Given the unfortunate conflation of disease management with health care, even Medicaid and Medicare, though important social democratic advances, fell far short of their liberatory potential. What exactly happened in the aftermath of implementation of these programs, the precursors of today's debate about national health insurance for all? Most notably, a predictable gorging at the public trough. "In the first year," wrote Drummond, "doctors' fees rose two and a half times as fast as the cost of living." Hospital costs also soared, registering a four-and-a-half fold increase in the programs' initial years, with hospital administrators eagerly increasing their salaries at public expense.
The influx of federal money also went for fantastically expensive drugs and medical supplies, and the control of labor: hundreds of thousands of dollars were allocated to prevent union organizing in the medical industry. Most administrators and doctors welcomed the treasure-trove of government money, not at all persuaded that "socialized medicine" meant they would inevitably earn less than they had before.
Did salary increases for medical professionals constitute proper reward for an array of helpful new treatments? Apparently not. Drummond observed that the most obvious results of the new programs were that "a lot of doctors got richer," and "expensive and 'interesting' medical technology" was introduced, such as a hyperbaric chamber at Mt. Sinai in New York City, which was employed only sporadically and with "unconvincing necessity" in his view. For the money involved in offering this single high-tech treatment option, Drummond complained, the hospital could have funded 20,000 outpatient visits a year, or had a large-scale lead poisoning program for the residents of East Harlem. But that is not the way to expand profit and market share for pharmaceutical and medical insurance companies.
How about the patients these programs were intended to serve? It is true that fewer people were denied access to bad health care, but of those below the federal poverty level, one third remained unaffected by the existence of Medicaid and Medicare, and their illnesses continued to go undiagnosed and untreated.
The problem, of course, is that universal coverage, even if achieved, only fully subsidizes the current medical system; it does not require a change in its dismal health outcomes (the U.S. spends roughly double per capita on health care compared to other industrial countries but has among the worst health outcomes). Doctor-patient relationships do not inevitably improve; community controlled health clinics do not automatically emerge; better hospitals with more responsive staffs don't suddenly spring to life; the chemical industry doesn't stop polluting the air, land, and water.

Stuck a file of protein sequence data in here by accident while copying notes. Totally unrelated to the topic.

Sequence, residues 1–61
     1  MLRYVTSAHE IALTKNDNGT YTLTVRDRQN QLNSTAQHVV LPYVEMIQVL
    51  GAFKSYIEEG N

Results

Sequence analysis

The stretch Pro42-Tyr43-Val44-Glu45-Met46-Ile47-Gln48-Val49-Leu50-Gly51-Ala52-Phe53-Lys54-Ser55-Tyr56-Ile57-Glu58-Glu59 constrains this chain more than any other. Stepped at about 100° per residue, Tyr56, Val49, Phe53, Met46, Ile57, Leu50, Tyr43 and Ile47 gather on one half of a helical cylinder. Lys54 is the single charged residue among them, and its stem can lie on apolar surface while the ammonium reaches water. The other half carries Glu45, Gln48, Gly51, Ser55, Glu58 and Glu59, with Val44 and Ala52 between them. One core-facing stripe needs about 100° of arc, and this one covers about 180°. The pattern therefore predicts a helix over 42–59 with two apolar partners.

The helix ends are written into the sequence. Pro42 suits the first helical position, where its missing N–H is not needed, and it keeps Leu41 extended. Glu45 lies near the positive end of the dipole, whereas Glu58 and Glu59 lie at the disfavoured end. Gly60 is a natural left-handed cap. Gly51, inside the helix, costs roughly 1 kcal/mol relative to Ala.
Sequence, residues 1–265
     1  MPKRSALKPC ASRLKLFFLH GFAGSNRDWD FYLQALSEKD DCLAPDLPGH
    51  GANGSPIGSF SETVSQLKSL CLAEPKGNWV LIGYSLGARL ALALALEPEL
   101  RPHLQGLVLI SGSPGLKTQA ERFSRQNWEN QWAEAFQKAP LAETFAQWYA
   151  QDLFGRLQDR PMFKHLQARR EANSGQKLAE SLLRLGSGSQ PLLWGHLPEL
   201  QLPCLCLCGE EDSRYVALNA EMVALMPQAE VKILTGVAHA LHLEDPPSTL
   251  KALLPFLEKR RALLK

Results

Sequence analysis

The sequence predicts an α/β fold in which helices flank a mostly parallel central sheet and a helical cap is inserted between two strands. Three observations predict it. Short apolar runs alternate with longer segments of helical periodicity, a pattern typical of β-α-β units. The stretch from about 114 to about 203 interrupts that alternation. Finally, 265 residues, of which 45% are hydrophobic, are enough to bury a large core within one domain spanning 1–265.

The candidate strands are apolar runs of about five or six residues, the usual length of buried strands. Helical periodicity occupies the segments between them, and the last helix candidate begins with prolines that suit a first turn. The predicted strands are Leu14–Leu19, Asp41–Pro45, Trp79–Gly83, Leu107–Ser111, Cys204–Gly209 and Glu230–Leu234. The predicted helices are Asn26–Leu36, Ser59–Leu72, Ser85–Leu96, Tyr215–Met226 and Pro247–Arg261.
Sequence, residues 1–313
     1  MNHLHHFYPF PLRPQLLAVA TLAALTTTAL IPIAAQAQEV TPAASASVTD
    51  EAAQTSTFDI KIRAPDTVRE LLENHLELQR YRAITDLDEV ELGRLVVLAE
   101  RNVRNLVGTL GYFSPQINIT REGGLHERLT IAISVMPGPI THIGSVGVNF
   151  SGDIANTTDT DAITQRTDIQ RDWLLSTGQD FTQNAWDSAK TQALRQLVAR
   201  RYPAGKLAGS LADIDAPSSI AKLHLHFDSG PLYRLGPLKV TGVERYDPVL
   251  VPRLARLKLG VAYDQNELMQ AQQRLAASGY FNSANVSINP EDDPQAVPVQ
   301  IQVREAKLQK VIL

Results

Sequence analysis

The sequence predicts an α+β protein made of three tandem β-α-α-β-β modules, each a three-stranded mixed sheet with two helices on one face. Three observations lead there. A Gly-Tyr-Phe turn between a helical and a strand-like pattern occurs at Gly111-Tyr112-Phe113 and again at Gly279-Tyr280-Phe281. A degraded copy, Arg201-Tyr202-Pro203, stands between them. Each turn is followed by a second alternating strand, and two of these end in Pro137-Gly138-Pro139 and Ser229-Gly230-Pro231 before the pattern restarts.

On the other hand, if President Obama were backing single-payer insurance, a form of which exists in every other industrial country, at least we could look forward to the demise of the medical insurance industry, now fattening its already enormous bottom line at the expense of an American people suffering epidemics of obesity, cancer, and heart disease. But Obama does not favor this. On the contrary, he is pushing for an outcome where everyone has to be covered by the current HMO-dominated system, the most inefficient care delivery there is, with administrative costs many times greater than Medicare. And he wants to pay for those excessive costs at least in part by cutting Medicare benefits, which ought to be increased. This is not universal insurance at all, but the same "rob Peter to underpay Paul" system that continues the American people's subordination to the very medical-insurance-pharmaceutical complex that needs to be eliminated. It is by now virtually certain that we will get some version of the Obama plan, since the HMOs have invested a lot of money in it, which means we will be forced to pay too much for crappy care, with high deductibles and co-payments pushing ever more people into bankruptcy, an accelerated version of what we have already.
And rest assured that no attention will be given to making radical changes in our war-obsessed, consumption-mad culture, so as to achieve a genuinely healthy way of life. Quite the contrary. Obama will instead move ahead with plans to privatize Medicare and Social Security, widening the scale of our current disaster by converting entitlements into speculative schemes like the ones that collapsed the economy in 2008.
For him, that's "change you can believe in."
Hugh Drummond, M.D.,"Doctor Drummond's Spirited Guide To Health Care in a Dying Empire," (Grove Press, 1980)
David Himmelstein, Steffie Woolhandler, Ida Hellander, "Bleeding the Patient - The Consequences of Corporate Health Care," (Common Courage, 2001)
Vicente Navarro, "Obama's Mistakes in Health Care Reform," Counterpunch, September 7, 2009
Eduardo Orbea, "Corporate Power is 'Crushing' - The Health System According to Noam Chomsky," Univision On Line, September 18, 2009
-------Michael K. Smith is the author of "Portraits of Empire" and "The Madness of King George" (illustrations by Matt Wuerker), from Common Courage Press. He can be reached at firstname.lastname@example.org